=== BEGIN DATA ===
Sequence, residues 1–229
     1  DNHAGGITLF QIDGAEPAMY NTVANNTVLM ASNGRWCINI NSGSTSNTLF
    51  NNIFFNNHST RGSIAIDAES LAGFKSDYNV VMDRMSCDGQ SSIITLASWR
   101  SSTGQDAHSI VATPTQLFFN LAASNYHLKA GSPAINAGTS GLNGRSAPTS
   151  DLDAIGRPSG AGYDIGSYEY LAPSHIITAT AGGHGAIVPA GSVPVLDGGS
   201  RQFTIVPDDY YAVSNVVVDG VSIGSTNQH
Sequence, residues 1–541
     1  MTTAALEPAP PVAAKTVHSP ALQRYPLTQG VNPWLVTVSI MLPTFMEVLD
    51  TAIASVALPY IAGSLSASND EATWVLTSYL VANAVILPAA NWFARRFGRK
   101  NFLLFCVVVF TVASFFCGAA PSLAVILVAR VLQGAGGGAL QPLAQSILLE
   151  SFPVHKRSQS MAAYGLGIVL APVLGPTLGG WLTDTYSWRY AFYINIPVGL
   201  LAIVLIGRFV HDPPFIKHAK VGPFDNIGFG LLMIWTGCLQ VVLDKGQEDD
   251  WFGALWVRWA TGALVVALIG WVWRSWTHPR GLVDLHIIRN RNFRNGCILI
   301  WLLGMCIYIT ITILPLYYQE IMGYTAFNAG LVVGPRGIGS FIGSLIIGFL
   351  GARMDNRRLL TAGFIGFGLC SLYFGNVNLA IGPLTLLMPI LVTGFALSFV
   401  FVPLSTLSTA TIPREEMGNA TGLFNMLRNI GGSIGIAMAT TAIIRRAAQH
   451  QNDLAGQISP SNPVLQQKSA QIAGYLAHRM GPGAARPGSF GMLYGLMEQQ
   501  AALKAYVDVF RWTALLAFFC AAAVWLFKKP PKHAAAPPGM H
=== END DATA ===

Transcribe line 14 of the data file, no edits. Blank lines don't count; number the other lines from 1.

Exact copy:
   301  WLLGMCIYIT ITILPLYYQE IMGYTAFNAG LVVGPRGIGS FIGSLIIGFL